Communitech Mentorship Pilot Pairs Indigenous Youth With Tech Volunteers

By: Kw Now Local News - Communitech News
| Published 10/26/2020

Iain Klugman: Tech for good is a core value at Com
Iain Klugman: Tech for good is a core value at Communitech
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Communitech Mentorship Pilot Pairs Indigenous Youth With Tech Volunteers

'Anishnabeg Outreach supports urban Indigenous people in finding avenues to self-sufficiency and success'

KITCHENER, ONTARIO — Indigenous youth with an interest in developing software will be paired with mentors from the Waterloo Region tech community in a new pilot project.

Anishnabeg Outreach Employment and Training is working with Communitech to launch the pilot, which will match 10 Indigenous students with 10 volunteer mentors for 10 hours of hands-on learning in popular coding languages, including Python, JavaScript and HTML.

The aim of the partnership is to help build career opportunities for Indigenous youth in Waterloo Region and expand the talent pipeline for the region’s fast-growing technology sector. Once the pilot is complete, the partners hope to have a mentorship program they can share with Indigenous communities far beyond the region.

“Mentorship is beneficial for students who embark on a tech-based career and even more crucial for Indigenous students who are entering this field,” said Stephen Jackson, CEO of Anishnabeg Outreach Employment and Training, a Kitchener-based non-profit organization that supports urban Indigenous people in finding avenues to self-sufficiency and success. “This is an excellent example of partnership and reconciliation between organizations and the Indigenous community which foster long-term, sustainable possibilities for Canada’s fastest-growing demographic.”

Iain Klugman, CEO of Communitech, said the pilot gives members of the tech community a way to help expand the local talent pool while enhancing their leadership skills and helping to open new doors for Indigenous neighbours.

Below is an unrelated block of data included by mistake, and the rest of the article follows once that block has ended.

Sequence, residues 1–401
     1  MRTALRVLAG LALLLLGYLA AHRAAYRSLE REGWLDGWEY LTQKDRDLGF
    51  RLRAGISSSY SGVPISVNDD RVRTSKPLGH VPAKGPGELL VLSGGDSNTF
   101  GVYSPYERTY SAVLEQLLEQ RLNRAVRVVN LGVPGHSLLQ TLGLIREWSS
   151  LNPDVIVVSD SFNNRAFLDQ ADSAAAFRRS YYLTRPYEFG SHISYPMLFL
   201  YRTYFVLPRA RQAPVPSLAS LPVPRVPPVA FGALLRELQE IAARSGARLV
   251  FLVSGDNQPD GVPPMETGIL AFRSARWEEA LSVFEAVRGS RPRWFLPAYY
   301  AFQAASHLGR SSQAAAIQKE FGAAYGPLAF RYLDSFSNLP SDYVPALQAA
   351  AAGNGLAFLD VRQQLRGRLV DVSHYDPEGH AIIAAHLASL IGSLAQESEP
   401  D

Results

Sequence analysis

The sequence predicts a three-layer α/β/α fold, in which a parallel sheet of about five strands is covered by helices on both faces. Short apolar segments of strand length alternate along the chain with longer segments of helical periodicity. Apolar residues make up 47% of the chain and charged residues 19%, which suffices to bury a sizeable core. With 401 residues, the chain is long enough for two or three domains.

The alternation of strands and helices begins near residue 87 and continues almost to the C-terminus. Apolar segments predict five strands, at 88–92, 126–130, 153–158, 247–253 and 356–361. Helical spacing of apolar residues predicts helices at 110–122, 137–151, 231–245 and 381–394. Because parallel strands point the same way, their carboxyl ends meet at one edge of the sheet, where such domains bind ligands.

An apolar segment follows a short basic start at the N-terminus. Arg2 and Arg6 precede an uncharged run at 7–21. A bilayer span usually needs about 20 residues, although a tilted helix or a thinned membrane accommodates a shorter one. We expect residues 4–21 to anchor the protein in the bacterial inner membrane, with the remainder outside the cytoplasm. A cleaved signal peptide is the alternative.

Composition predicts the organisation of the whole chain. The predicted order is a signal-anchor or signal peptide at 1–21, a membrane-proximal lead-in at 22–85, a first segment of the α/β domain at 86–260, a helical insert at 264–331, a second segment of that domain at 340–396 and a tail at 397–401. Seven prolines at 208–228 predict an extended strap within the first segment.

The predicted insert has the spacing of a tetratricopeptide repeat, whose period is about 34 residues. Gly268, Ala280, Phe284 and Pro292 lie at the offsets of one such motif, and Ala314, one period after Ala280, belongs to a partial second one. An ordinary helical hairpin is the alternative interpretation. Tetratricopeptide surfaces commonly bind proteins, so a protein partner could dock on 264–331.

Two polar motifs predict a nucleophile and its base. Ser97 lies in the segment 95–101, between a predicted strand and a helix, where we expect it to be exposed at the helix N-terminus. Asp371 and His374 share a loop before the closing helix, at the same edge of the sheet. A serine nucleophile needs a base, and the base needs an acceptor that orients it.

“‘Tech for good’ is a core value at Communitech, and community is built into our name,” Klugman said. “Mentorship is a practical and powerful way to demonstrate our commitment to making sure more people in our community benefit from the work we do, and to creating a stronger community of tech.

Indigenous students and prospective mentors who want to take part in the pilot are encouraged to contact Caitlyn McComb, Mentorship Program Co-ordinator at Anishnabeg Outreach Employment and Training, at caitlyn@aocan.org. Once the participants are selected, mentoring sessions will be arranged and conducted virtually due to COVID-19.

Participating students who need access to a computer will be able to access one through the centre, following a donation of seven laptops arranged by Dave Caputo, Chair of Communitech’s board of directors.

Companies wishing to donate capable laptops (Macs or PCs) with modern operating systems are encouraged to contact Caitlyn or drop them off at Anishnabeg Outreach Centre at 236 Woodhaven Rd. in Kitchener.